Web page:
There is a common misconception that goats are not intelligent animals. They are maligned as stupid, dirty and bullheaded. Both research and our own experience proves goats are intelligent.
Earlier this year, Queen Mary University in London (UK), published their results of a goat “intelligence” study. Researchers used a dozen goats and taught them to retrieve a grass treat in a box by grabbing a string and pulling a lever. The observed that 9 out of 12 goats learned the process very easily, but more importantly remembered how to work the box over 10 months later!! Visit this link to read the story.
Since researchers do not live with goats on a daily basis, they needed a project to prove their theory. This came as no surprise for those of us who interact with these little caprines on a daily basis. In reality, goats are very smart……sometimes too much for their own good. But how smart are goats?
Our practice is to milk our goats in the order in which they kidded. Whoever had babies first in a given year will go first in the milking routine. We have observed after just a few repetitions, that the goats know their order, lining up at the gate when we come to retrieve the next one. If it is not their turn, they will stand their ground and watch as the others head for the gate. As part of this process, we also discovered, the goats have learned to recognize their names.
I doubted this in actuality even though Steve would come in the house and tell me stories of how they responded to their names and the specific hand gestures he was using. I scoffed and said, “Oh, they don’t know their names, they just want the food! They know the routine by heart.…blah, blah, blah…”. Wives sometimes have an insatiable need to prove their husbands wrong………my mistake. I really should not have doubted him.
I had the evening milking routine to myself one evening and thought I would put his theory to the test. I deliberately switched the milking order and called Taffy by name with a hand gesture Steve had been using. She looked right at me and trotted to the gate, much to the displeasure of Shawna who KNEW she was first in line. She proceeded to butt Taffy for interfering.
OK,…..one lucky break I thought. I further pushed the envelope, switched the order again and called Nadi. She immediately stopped eating hay, turned her head around and looked at me as if to say “Really”? Well you don’t have to call ME twice”. She made a beeline for the gate, pushing her way to the front past Crystal who was in line. Once again, head butting and this time, frustrated goat vocalizations ensued.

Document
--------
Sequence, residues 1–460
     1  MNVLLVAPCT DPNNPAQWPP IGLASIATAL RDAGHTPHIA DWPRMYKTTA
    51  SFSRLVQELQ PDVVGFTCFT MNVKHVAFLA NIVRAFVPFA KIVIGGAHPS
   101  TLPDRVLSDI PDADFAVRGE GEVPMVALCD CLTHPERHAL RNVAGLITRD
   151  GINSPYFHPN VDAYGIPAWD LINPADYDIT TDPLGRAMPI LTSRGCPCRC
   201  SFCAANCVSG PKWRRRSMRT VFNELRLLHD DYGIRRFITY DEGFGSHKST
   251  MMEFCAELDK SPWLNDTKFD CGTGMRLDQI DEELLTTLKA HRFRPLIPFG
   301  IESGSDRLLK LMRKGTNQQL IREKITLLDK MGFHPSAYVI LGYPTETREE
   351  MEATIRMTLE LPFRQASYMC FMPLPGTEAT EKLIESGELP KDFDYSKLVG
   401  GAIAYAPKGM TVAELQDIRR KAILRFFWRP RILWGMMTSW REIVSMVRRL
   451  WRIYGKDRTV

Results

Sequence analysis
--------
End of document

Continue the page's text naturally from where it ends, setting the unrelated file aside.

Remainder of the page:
Now, each and every goat in the pen was eyeing me suspiciously, watching my every move. (Trust me, THAT is an eerie feeling). They were WATCHING, waiting to see if I would take the goat who was impatiently waiting next in line. Obviously, by the looks on their faces, I had totally lost my mind by upsetting their routine. Stupid human.
Goats are a lot like children. They can become very comfortable and secure with a routine and don’t care for change. At this point ALL of the girls began to push and shove towards the gate in the hope that they would somehow be next. I had broken protocol, so it was now every doe for herself. I quickly learned that attempting to extract a doe from a group of several pushing forward with all their might….. simply does not work. Now there was chaos. By allowing a temporary breakdown in discipline, I opened the door to pushy, competitive behavior that seemed to grow exponentially. I am happy to say everyone is back in sync now, but we believe this little experiment is also strong evidence of impressive intelligence.
In talking to other goat owners we have heard stories of goats who, if they could not jump out of their fenced enclosure…….. would move, push, & pull appropriate items over to the fence, then proceed to climb up and out. On the Discovery Channel, there also was a story of a goat who lived with a blind horse and faithfully guided the horse out to the pasture and back to the barn every day.
Lastly, we do believe that goats form lasting bonds with long-time caregivers. This ability is usually seen among intelligent species. Heidi is a two year old doeling who was the only survivor of a C-Section on Daisy in January of 2013. A very tiny baby, Steve spent nearly two weeks feeding her all through the night through a tube inserted through her nose. She spent a lot of time napping on his chest as a baby. We kept her in the house for almost six weeks, helping her get stronger. Watching a baby goat “boinging” around your foyer is a sight to remember. Now, whenever we pet or hug her, Heidi will wrap her head and neck around ours. Nicknamed “Daddy’s Little Girl”, Heidi visibly, routinely, but more importantly intentionally displays affection.
Is it any wonder we are so fond of these little caprines?